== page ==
Fans and human rights activists have frequently criticized Bayern Munich for its business dealings in Qatar. Ahead of its AGM, the club has now rejected a motion to add a human rights clause to its constitution.
As Bayern Munich members gather for the club's annual general meeting (AGM) in Munich's Olympiahalle on Friday evening, one topic will not be on the table: a clear club commitment to human rights.
According to documents seen by German public broadcaster ARD, Bayern's executive committee has rejected a motion submitted by a member to add a line to the club constitution that would have required the club to commit itself to United Nations (UN) human rights principles.
The motion, submitted by a Bayern Munich member on October 11 on the basis of the club's social responsibility and function as a role-model, proposed an additional clause in the "Purpose and Responsibilities" section of the club's constitution which would have read: "The club is committed to upholding human rights in accordance with the United Nations Guiding Principles of Business and Human Rights and is committed to protecting these rights."
The line refers to a 2011 UN framework intended to enhance standards regarding business and human rights.
According to communications seen by ARD, Bayern's executive committee decided not to raise the motion at the club's AGM due to a "lack of admissibility." The club says that it, as an organization, "neither falls under the category of a state" nor under that of a "commercial enterprise in the sense of these guiding principles."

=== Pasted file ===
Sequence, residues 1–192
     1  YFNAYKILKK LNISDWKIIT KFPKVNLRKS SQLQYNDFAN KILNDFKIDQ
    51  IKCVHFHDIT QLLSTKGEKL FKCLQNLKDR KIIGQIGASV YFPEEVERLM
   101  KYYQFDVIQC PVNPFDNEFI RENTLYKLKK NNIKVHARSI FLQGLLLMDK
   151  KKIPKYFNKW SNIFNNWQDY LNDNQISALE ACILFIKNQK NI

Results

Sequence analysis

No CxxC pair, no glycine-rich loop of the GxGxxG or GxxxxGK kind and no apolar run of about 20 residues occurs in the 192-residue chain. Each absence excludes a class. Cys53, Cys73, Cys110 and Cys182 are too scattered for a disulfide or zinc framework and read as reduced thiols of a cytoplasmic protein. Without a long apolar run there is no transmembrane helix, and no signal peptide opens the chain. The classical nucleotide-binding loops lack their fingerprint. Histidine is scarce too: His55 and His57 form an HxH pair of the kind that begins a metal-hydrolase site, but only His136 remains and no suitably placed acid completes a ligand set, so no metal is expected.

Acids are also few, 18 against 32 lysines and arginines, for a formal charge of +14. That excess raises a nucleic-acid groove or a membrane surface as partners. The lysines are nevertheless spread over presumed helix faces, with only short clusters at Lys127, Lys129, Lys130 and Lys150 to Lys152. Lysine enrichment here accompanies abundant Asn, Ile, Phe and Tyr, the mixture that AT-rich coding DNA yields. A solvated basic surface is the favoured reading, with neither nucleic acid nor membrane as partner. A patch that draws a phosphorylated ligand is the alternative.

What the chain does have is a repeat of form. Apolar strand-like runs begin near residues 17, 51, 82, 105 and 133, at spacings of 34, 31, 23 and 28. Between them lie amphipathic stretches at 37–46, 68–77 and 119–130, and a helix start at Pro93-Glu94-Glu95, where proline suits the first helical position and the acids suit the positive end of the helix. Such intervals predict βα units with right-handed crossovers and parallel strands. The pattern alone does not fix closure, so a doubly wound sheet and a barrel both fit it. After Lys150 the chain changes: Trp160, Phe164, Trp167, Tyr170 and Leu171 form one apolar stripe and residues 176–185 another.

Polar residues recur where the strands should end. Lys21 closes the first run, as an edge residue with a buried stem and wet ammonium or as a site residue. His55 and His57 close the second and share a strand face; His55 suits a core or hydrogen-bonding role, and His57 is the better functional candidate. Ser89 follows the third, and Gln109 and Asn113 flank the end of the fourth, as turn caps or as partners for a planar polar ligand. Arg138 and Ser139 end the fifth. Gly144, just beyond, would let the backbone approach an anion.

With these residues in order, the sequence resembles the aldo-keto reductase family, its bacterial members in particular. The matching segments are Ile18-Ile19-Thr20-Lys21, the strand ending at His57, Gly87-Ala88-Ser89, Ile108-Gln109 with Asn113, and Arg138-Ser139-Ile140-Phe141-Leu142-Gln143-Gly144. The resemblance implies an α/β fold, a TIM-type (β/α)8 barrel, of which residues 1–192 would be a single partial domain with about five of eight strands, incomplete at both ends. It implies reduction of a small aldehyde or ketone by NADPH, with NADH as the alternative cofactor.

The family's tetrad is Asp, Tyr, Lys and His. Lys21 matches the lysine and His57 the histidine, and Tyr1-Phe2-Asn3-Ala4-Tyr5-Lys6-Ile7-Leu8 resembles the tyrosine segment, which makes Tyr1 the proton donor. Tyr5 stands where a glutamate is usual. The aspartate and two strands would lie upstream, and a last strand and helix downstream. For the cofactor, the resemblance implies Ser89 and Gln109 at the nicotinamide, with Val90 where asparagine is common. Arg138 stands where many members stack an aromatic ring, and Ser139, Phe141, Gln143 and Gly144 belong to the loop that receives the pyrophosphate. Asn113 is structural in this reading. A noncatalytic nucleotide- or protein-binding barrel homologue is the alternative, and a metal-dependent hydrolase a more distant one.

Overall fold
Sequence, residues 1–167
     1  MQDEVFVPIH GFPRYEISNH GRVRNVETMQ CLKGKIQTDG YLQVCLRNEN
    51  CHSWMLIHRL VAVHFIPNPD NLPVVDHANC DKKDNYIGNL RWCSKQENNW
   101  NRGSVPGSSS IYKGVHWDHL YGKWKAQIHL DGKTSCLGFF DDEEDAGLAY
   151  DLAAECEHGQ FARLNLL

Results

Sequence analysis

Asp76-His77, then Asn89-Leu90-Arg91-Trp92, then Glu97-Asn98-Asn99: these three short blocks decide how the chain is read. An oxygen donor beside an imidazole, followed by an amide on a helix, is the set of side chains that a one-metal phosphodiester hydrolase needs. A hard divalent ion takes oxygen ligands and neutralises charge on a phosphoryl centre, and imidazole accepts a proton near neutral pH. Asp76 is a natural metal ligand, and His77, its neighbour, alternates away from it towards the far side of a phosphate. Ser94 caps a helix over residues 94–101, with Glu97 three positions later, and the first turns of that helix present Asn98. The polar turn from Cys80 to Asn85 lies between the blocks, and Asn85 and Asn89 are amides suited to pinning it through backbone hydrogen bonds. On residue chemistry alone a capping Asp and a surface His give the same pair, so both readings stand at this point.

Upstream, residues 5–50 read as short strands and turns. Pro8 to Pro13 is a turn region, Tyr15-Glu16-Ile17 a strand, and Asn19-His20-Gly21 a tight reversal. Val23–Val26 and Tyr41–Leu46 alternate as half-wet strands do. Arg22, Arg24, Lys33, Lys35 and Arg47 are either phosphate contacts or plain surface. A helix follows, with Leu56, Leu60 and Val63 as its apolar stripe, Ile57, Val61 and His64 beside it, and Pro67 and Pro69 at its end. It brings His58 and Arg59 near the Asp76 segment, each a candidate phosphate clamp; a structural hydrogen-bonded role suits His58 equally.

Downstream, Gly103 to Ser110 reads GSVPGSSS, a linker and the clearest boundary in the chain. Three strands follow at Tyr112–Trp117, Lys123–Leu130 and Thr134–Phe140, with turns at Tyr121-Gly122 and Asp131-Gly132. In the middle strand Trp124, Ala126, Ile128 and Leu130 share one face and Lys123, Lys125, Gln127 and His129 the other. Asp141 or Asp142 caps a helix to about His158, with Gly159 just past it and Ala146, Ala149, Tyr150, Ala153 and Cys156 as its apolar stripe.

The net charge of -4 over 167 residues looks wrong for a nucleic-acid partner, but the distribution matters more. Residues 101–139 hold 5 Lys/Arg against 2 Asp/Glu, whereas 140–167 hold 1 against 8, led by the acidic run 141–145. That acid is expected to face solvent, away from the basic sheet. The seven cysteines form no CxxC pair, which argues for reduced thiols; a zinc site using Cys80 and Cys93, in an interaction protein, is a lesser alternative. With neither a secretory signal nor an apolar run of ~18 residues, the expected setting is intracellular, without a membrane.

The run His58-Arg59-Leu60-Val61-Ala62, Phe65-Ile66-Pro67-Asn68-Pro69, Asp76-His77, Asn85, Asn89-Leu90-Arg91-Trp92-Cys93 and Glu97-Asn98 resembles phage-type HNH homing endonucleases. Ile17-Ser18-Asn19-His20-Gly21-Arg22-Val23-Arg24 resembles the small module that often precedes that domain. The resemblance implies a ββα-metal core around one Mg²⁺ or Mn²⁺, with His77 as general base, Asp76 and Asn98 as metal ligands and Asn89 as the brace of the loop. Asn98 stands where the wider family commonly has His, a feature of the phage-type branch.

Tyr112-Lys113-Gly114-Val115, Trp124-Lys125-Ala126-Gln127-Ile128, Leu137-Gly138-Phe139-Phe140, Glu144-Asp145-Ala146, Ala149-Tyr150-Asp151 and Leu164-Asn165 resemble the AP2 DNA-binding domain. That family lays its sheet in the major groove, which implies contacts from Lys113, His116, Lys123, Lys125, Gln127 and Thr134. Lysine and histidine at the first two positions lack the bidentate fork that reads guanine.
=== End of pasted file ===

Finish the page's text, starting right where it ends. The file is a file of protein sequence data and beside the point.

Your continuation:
Both ARD and DW have approached Bayern Munich for comment.
Criticism over Qatar
Human rights activists have frequently criticized the club for its business dealings with Qatar, which has been condemned for its alleged use of slave labor in its preparations for the controversial 2022 World Cup.
This winter however, Bayern will make their 10th annual training trip to the small Persian Gulf state during the Bundesliga's winter break, and the club has partnered with Doha Airport and state airline Qatar Airways in recent years.
Bayern Munich supporters have also raised the issue at past AGMs and regularly protest against their club's ties to Qatar in the form of banners and displays at matches. One flag, pictured above during a game against Stuttgart, depicted out-going club president Uli Hoeness and chief executive Karl-Heinz Rummenigge talking about "fantastic training conditions" in Qatar, while workers are whipped in the background.
Hoeness, who is to be replaced by former Adidas CEO Herbert Hainer at Friday's AGM, has said that Bayern needs the sponsorship it receives from Qatar to keep up with other top European clubs, particularly those in the English Premier League.
What's more, CEO Rummenigge believes that Qatar has responded to public criticism when it comes to human rights, telling Munich's Abendzeitung newspaper in January 2019 that there has been a "positive development in the legal situation of immigrant workers" and "improvements in workers' rights."
'Pocket the money and keep quiet'
In response to the motion's rejection, the Bayern Munich fan group Munich's Red Pride, which has protested against club leadership in the past, said that human rights abuses should be condemned by the club.
"It should be self-evident that Bayern Munich, as a prominent flagship club, should clearly and unmistakably acknowledge human rights. Unfortunately, the club's engagement with Qatar shows that the opposite is true," the group said in a statement to DW.
"The serious abuses of human and workers’ rights which have been documented there ought to be condemned by the club, loud and clear. Instead, it's a case of: pocket the money and keep quiet."